It's not strange given the high percentage of moonbats in the media, in higher-level education, and in Hollywood. Conservatives tend to hold real jobs or own businesses, thereby not having as great an effect on "popular culture." One of the greatest assets of radio and the internet is the evening out of this discourse...at least until Congress gets around to outlawing free speech in more ways...

That would be true of every major political group in the US. Sure, different groups might be concentrated a bit in select areas but overall your statement would be equally true of liberals as conservatives.

You probably live in a nice area. I live in a somewhat iffy area. I can take you around and show you plenty of moonbats, but I can also show you a bunch of conservatives who are total losers as well.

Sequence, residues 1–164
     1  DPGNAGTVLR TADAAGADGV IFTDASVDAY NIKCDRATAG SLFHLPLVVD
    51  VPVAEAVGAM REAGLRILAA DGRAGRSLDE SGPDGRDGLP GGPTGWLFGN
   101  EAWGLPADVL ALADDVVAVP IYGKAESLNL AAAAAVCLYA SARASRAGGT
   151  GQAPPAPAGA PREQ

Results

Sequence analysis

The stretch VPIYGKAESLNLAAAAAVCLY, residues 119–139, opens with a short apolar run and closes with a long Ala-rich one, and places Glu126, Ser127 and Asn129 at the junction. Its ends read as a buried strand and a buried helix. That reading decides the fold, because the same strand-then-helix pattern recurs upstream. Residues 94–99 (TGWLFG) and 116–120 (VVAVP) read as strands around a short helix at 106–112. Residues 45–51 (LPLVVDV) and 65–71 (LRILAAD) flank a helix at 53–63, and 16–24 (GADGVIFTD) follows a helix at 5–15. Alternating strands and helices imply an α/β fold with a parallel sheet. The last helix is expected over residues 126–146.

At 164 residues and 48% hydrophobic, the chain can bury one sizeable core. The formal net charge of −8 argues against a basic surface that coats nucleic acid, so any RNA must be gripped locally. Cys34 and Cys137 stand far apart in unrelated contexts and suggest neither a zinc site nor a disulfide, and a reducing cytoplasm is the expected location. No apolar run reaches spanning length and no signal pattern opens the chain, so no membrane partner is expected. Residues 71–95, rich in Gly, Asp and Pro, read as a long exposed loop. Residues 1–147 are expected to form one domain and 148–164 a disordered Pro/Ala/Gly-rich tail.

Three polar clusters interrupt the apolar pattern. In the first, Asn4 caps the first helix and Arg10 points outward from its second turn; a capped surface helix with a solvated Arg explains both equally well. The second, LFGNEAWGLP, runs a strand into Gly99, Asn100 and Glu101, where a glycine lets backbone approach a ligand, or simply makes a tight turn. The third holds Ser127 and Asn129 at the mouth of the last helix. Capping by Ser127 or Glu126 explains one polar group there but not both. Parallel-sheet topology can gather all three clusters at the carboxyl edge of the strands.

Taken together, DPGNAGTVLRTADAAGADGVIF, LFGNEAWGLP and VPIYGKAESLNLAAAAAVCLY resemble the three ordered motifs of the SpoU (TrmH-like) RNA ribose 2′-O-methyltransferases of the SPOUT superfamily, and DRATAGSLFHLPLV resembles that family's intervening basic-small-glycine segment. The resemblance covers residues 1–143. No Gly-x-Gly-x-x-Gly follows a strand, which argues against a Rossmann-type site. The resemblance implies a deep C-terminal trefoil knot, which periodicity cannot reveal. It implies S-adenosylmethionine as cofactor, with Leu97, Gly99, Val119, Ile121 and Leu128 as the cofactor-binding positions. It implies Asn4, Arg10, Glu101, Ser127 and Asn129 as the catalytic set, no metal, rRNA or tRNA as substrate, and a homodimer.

Molon Labe
01-02-2011, 01:01 PM
Yes.

PoliCon
01-02-2011, 01:17 PM
Yes. someone clearly didn't bother to read the article. :rolleyes:

Molon Labe
01-02-2011, 02:28 PM
someone clearly didn't bother to read the article. :rolleyes:

lol. I was answering the main premise of the question.

And the conclusion of the article is still wrong. the answer is still Yes.

PoliCon
01-02-2011, 02:37 PM
lol. I was answering the main premise of the question.

And the conclusion of the article is still wrong. the answer is still Yes.

The size of their audience is not enough to account for the growth in ignorance.

Molon Labe
01-02-2011, 03:08 PM
The size of their audience is not enough to account for the growth in ignorance.

The amount of TV in and of itself that the average person engages in today grows ignorance.

You simply cannot underestimate the influence tv news shows have on the way people think. Very few people actually read anymore...they just catch whats going on in blips and soundbites. That's what TV is designed for. That's what news "shows" are designed to do.